Writing about UFOs and related topics has often been relegated to the fringes of mainstream publishing. There are a few classic authors who were able to successfully break into the system, but for every one person who has, there are many more who never will. The ease of access through self-publishing changed all that. Many UFO authors have been able to carve out a niche for themselves by uploading to Create Space or going through what used to be a more arduous prospect of forming small publishing companies. These writers would do everything from writing to design to sales. Online retailers like Amazon make it look easy, but the results are far from what they could be.

Vanity Presses were another avenue for authors of non mainstream books.  This is where you pay a company to produce a book for you in limited quantity. At the end of the process the typical result is a box of books with nowhere to go. Now many vanity presses have been replaced with author services companies. These offer a higher level of do it yourself.

. . . .

MUFON Books is real publishing. It is an imprint (publishing speak for catalog of niche titles) and division of Micro Publishing Media, Inc. MPM was created to fill the gap between the ineffectual world of self-publishing, the inefficient and costly world of hybrid publishing and the often inaccessible world of traditional publishing.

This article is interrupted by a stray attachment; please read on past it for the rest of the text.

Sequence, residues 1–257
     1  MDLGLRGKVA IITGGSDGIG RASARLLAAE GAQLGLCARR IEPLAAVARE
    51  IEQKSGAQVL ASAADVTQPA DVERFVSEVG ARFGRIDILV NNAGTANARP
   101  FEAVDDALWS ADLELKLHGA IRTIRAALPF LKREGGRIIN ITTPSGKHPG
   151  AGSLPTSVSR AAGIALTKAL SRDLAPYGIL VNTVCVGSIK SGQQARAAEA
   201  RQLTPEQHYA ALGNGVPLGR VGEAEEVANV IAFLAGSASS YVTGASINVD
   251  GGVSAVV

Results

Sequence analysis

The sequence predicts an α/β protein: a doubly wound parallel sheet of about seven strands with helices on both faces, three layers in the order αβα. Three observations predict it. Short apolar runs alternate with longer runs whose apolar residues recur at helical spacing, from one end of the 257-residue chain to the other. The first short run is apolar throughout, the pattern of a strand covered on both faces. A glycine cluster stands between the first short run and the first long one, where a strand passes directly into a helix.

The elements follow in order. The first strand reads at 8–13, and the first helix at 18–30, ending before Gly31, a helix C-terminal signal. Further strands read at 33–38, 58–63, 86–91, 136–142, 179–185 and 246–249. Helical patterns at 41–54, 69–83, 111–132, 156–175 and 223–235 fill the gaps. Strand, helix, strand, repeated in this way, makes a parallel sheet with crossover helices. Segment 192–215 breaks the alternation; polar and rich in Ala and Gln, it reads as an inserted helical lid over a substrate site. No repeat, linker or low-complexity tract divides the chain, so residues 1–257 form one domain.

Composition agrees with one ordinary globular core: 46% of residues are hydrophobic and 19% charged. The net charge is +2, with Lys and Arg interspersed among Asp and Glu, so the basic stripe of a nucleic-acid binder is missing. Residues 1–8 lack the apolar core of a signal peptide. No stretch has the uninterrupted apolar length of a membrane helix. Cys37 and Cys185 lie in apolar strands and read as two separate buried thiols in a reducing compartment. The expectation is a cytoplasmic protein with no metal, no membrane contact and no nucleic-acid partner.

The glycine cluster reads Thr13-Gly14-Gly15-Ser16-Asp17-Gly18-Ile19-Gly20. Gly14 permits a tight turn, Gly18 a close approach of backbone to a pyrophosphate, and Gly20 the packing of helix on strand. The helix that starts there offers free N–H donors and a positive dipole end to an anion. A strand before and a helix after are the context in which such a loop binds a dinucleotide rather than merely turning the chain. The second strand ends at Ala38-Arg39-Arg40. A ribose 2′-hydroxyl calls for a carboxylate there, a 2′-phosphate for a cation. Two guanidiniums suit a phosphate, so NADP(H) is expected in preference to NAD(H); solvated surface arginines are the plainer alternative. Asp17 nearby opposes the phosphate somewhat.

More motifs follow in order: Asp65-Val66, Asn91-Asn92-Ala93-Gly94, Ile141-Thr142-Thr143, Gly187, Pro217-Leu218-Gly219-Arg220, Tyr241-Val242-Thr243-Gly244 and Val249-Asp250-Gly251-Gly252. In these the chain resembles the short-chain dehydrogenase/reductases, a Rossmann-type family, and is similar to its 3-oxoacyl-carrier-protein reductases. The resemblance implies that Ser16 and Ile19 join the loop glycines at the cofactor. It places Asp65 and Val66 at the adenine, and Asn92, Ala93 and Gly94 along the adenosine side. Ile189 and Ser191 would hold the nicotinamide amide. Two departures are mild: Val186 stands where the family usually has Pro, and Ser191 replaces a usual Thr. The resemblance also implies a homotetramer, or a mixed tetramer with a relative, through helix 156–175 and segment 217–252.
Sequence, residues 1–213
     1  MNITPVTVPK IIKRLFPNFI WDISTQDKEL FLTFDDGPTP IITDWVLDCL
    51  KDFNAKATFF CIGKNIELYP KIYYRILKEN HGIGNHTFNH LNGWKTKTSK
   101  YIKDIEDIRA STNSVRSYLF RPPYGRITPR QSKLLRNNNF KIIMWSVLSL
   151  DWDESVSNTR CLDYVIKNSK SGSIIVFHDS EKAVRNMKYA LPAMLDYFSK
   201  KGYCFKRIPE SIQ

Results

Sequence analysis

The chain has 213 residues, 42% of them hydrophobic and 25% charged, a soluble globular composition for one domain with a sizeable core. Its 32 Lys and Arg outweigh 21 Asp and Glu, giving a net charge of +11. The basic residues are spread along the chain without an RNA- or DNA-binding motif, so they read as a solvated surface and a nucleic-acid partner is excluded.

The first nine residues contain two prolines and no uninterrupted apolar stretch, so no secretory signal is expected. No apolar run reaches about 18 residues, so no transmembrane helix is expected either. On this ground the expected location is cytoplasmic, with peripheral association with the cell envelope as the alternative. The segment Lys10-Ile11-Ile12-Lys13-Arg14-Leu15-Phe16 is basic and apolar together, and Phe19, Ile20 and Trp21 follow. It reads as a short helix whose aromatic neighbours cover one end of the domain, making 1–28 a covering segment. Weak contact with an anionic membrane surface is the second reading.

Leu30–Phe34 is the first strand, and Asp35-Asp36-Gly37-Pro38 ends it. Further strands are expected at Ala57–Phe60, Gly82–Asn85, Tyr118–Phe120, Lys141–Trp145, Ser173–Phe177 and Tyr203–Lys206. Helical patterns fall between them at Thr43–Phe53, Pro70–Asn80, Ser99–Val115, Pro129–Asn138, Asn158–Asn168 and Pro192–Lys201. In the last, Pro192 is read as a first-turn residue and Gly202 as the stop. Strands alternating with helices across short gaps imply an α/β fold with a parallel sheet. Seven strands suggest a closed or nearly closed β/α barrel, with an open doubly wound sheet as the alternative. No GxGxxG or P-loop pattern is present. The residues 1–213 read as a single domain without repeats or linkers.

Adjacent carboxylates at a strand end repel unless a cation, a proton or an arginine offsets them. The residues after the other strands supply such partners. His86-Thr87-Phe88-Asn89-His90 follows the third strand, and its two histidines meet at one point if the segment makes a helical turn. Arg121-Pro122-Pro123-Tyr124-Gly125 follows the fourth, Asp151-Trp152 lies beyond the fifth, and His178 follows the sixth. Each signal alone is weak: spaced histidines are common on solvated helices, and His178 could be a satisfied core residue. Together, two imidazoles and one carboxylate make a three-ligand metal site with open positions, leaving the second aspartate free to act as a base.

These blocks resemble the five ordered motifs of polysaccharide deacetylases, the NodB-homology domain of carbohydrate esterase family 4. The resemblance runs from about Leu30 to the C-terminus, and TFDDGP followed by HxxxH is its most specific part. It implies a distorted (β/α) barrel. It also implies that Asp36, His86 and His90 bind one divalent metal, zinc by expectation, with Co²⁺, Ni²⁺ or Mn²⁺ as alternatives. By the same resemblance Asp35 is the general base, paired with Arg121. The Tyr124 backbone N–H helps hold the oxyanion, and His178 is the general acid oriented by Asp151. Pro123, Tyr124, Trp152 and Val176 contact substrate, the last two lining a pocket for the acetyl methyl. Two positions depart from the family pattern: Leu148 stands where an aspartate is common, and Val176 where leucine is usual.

. . . .

Aside from our mission of education and research, we are a non-profit always in need of funding. We are a brand partner with Micro Publishing Media, Inc and we receive a percentage of the proceeds per book sale. MPM is a for profit so we benefit from their economic incentive and marketing ingenuity.

Does this cost anything?

Yes. You would pay places like Create Space the same amount or more without the marketing support that is included in our publishing program. You are not on your own in a sea of other books. The base fee:

You pay $500 which covers your set up with the printer and distribution on all online retailers for both print on demand, print runs and Ebooks. These are market access costs. This also includes your copyright.

You will also be expected to pay for your book design. If you have a professionally designed and edited book we will consider it. However, our design team is highly skilled. A professional interior and cover design can be the difference between marginal success and a blockbuster. The design work is estimated on a per case basis.

If you have an important story or research but are not a writer we have editors available to help you with your book. We can coach you throughout the process so your thoughts and voice are captured with the extra help of a professional. We also have names of ghostwriters but it is not a service we provide.